How Do Bedsores Develop?
A bedsore is known by many names: pressure ulcer, pressure sore, and decubitus ulcer. Bedsores develop when the blood supply to the skin is cut off for over two or three hours. With no blood supply, the skin begins to die, becoming a bedsore. If left untreated, the bedsore will only worsen, potentially rupturing and becoming infected.
Some bedsores are worse than others. While most bedsores are skin deep, others go much deeper, reaching all the way to the bone. Some of the worst bedsores can be life-threatening and take years to heal.
Can Pressure Sores Be the Result of Nursing Home Neglect?
Bedsores more commonly develop on the elderly, meaning that nursing home residents are at especially high risk. Older people can be at higher risk of developing bedsores if they’ve experienced nursing home neglect because it could mean the nursing home staff isn’t adequately seeing to their care.
Those who are immobile, bedridden, or rely upon wheelchairs are at the highest risk of developing bedsores. These seniors should be adjusted regularly every few hours to limit the risk of bedsores developing on the skin.
Bedsores most commonly develop where there is little muscle or bone, such as the back of the head, hips, ankles, toes, heels, tailbone, lower back, knees, and shoulders.
What Are the Stages of Bed Sores?
Doctors group bedsores into four main stages based on their severity.
Stage 1 is the least severe form of bedsore, only affecting the upper level of skin. Despite its relatively mild nature, it is still associated with painful symptoms like burning sensations, inflammation, and itching. Stage 1 bedsores may be resolved within a few days with proper care.
A Stage 2 bedsore goes deeper below the upper levels of the skin. Stage 2 bedsores are often associated with broken skin and open wounds; they look like nasty blisters and may ooze pus. They come with similar symptoms to Stage 1, but the pain is more severe. With proper medical treatment, Stage 2 bedsores can improve within one to three weeks.
Stage 3 bedsores go deeper, reaching the fatty tissue below the second layer of skin. Appearing like a crater in the skin and often associated with a foul stench, Stage 3 bedsores can quickly become infected. If the skin is red, it’s inflamed, potentially infected, and painful. If the skin is black, that means the skin has died. A Stage 3 bedsore may take up to four months to fully heal.
The most severe bedsore is classified as Stage 4. These pressure ulcers go deeper than the fatty tissue and may reach as far as your muscles, ligaments, and bones. The skin is infected, potentially dead, and the sore is deep and wide. The Stage 4 bedsore likely gives off heat and bad odors and could discharge pus. Stage 4 bedsores require immediate medical attention as they can be life-threatening. Even with the proper medical care, Stage 4 bedsores may take years to heal.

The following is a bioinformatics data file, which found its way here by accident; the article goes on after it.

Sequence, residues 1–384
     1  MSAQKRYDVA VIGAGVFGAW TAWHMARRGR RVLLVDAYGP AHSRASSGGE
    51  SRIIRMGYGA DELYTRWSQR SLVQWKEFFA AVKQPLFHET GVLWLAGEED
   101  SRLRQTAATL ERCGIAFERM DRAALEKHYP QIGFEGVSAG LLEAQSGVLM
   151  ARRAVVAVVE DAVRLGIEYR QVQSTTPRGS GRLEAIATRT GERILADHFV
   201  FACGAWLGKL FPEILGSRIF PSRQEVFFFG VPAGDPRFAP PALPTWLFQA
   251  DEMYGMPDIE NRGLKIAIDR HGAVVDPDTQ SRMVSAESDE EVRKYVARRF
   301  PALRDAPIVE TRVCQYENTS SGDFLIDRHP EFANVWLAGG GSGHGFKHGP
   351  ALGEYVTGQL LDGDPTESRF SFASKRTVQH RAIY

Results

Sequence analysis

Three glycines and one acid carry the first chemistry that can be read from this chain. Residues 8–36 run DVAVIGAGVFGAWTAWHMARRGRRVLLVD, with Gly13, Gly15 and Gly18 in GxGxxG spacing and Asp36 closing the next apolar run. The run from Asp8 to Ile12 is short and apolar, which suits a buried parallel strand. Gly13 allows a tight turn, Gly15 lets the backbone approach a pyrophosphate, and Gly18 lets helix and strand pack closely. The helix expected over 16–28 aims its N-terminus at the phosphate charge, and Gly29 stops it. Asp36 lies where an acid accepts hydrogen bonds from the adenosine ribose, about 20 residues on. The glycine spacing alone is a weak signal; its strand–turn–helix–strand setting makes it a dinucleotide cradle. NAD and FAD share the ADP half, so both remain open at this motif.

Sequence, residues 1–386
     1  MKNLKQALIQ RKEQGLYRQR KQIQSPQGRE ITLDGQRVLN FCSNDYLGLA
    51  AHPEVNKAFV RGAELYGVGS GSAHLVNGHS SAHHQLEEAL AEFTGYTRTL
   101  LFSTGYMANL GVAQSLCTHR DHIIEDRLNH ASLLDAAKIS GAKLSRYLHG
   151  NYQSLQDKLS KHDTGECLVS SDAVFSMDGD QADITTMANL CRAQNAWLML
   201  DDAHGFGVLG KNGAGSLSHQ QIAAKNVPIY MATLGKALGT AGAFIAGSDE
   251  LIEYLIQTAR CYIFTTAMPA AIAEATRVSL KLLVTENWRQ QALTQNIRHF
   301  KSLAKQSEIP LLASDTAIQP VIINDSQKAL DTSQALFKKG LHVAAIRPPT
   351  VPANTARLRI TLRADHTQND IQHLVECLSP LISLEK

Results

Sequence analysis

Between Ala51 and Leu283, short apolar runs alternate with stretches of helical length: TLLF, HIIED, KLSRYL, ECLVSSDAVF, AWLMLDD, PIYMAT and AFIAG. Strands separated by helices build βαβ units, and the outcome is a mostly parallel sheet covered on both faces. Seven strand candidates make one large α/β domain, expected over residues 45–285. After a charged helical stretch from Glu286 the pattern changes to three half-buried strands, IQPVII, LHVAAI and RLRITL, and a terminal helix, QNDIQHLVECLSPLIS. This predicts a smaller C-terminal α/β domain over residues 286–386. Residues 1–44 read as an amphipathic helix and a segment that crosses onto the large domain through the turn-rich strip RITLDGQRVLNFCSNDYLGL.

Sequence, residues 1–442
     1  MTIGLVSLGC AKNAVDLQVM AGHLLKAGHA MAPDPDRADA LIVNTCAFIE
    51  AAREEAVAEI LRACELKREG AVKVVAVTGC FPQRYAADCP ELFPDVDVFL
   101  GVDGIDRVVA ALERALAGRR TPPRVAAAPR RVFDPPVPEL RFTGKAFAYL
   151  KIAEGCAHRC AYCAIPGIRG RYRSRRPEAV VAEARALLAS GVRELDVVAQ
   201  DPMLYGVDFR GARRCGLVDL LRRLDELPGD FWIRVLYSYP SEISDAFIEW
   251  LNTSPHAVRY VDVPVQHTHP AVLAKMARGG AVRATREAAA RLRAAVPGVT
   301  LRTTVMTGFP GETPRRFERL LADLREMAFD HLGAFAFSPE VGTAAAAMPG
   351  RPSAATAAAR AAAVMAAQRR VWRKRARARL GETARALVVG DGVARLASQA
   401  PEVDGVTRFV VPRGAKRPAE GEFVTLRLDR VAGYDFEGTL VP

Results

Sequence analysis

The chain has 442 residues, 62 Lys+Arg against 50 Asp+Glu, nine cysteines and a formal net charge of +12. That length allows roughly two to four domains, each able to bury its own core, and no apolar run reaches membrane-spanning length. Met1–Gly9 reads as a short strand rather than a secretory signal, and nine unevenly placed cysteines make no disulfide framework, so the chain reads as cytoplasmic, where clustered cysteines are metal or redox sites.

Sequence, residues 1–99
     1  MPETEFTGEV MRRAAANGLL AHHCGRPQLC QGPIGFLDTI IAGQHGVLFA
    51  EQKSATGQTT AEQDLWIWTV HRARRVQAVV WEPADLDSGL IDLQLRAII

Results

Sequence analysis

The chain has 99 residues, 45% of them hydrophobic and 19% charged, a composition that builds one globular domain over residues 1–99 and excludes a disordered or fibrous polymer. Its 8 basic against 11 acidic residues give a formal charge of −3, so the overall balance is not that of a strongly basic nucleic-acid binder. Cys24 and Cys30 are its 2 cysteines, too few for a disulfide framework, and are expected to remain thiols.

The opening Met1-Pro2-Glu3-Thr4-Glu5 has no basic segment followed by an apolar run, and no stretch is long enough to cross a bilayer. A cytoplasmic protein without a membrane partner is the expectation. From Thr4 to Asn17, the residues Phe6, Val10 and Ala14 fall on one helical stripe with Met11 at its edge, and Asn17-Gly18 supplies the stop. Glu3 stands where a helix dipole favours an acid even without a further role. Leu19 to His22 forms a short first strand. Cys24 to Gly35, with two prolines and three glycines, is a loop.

There is also the ‘unstageable’ bedsore, which goes so deep that the doctor cannot identify the bottom of the crater. The doctor cannot offer an accurate stage without seeing how deep the sore extends.
What Are the Warning Signs of Stage 1 Bedsores?
Stage 1 bedsores can be identified as areas that look and feel different from the surrounding skin. The area may be firmer or softer and appear red or purple. It may also have a different temperature than the surrounding areas of skin, either feeling warmer or colder to the touch.
If you suspect a bedsore, move the person to remove pressure from that skin area. The suspicious area of the skin should return to its normal color, firmness, and temperature within 30 minutes. If the skin does not return to normal, you could be dealing with a Stage 1 bedsore.
Another way to test for a Stage 1 bedsore is to press down on the area of skin that’s different from the rest. If all is well, that skin area should become whiter for a period and then quickly return to normal. If this doesn’t work, it could be a bedsore. However, this method of checking for bedsores may not work for people with darker skin tones.
Is There a Treatment for Pressure Ulcers?
Unlike the more extreme stages, a Stage 1 bedsore is easily treatable. Often caused by lack of movement or prolonged pressure on a certain part of the skin, the most straightforward treatment is moving the person and relieving that pressure. Other methods to treat the affected individual include ensuring that they have enough water to drink, food to eat, and are wearing clothing that is not causing friction against the skin.
Contact Our Law Firm Today to Schedule Your Free Consultation
If your loved one has suffered from bedsores, some treatments can easily help ease their pain. However, you must act quickly, or a Stage 1 bedsore may soon become more serious.
Nursing home residents should be properly cared for by their staff and attendants. If you have reason to believe that nursing home staff have failed in their duties to care for your elderly loved ones, you may have legal options available to you. Depending on the particulars of your case, these options may include filing a lawsuit against the facility.
To learn more about nursing home neglect cases, we strongly encourage you to reach out to our law firm to discuss your unique case. You may schedule a free case evaluation by calling our law office at (919) 277-0150.